A teenage immigrant poet ranks among the best in Los Angeles, moving audiences to laughter or tears.
“A Dream in Five Days.”
Sitting on the desert
Dying for a drop of water
It’s not fun thinking about your family
About everyone you left behind
No beauty so close to bones
In less than one week
Maybe someone will stare at my skeleton the same way
Raise your head
Our mother did not teach us to stay down
The desert taught us to keep fighting
In front of us there are obstacles we must break
Brothers and sisters
Do not be ashamed of who we are
At 18, this L.A. high school poet often makes audiences go silent (Los Angeles Times, 6/6/17)
“Tahay is a poet, and at 18, considered among the best in the city. The high school senior has performed and competed not just in Los Angeles but in San Francisco and Washington, D.C….
“He suggested that Tahay try out for the Get Lit Players, a performance team made up of the program’s top poets. Months later, after she grew stronger onstage, he recommended her for Brave New Voices, the most elite team of all.
“Tahay quit the track team, her job and her social life to dedicate herself to poetry. She was accepted as one of the six best youth poets in the city.”
Fair Treatment Denied (Report by Immigrant Legal Rights Center, 6/5/17)
“A person subject to expedited removal is usually detained before their deportation, has no right to appeal the decision, and is not usually afforded enough time to communicate with her family members or seek out legal counsel. The tremendous authority held by immigration officers to unilaterally order someone’s removal without any input from a judge raises serious concerns about lack of oversight and accountability, as well as the need for a recourse or remedy for the unknown number of immigrants who are mistakenly subject to expedited removal and deported in error. Disregarding these serious due process concerns, on January 25, 2017, President Donald Trump signed Executive Order 13767 (EO 13767), Border Security and Immigration Enforcement Improvements, which directed DHS and its subcomponents to drastically expand the use of expedited removal.”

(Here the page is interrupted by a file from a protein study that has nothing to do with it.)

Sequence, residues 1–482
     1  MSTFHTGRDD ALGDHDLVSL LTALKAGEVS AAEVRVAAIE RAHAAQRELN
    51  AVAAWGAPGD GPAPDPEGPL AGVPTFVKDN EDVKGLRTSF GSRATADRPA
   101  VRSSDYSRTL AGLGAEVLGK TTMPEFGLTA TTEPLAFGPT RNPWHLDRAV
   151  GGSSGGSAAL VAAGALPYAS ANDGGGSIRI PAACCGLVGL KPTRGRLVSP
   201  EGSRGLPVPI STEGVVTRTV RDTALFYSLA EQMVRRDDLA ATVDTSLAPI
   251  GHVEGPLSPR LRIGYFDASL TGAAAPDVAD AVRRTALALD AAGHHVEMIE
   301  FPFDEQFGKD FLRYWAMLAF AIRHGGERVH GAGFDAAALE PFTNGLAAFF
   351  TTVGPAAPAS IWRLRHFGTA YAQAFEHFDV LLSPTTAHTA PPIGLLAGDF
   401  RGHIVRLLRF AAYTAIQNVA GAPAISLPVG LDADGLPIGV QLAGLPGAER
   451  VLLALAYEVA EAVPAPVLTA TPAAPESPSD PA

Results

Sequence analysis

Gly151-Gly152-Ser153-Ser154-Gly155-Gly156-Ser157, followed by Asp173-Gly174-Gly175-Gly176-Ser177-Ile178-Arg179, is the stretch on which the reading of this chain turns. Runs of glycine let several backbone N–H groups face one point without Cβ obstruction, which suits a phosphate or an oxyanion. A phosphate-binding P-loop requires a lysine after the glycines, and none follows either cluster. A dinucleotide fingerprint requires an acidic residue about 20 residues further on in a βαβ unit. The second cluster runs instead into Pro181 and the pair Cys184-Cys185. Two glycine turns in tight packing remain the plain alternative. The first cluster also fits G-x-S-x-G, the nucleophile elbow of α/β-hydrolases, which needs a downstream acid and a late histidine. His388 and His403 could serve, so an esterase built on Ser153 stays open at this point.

‘Catch and release’ immigration policy remains largely intact, despite President Trump’s campaign promises (Christian Science Monitor, 6/6/17)
“[I]mmigration attorneys, government statistics and even some officials from US Immigration and Customs Enforcement, which falls under Mr. Kelly, suggest that despite the DHS chief’s statement, there has been no clear change to the catch-and-release policy.
“That’s in large part because there are legal constraints on who can be detained and for how long, due to a shortage of beds and a court ruling limiting the stay of women and children in custody to 21 days.”
Can America’s farms survive the threat of deportation? (The Atlantic, 6/5/17)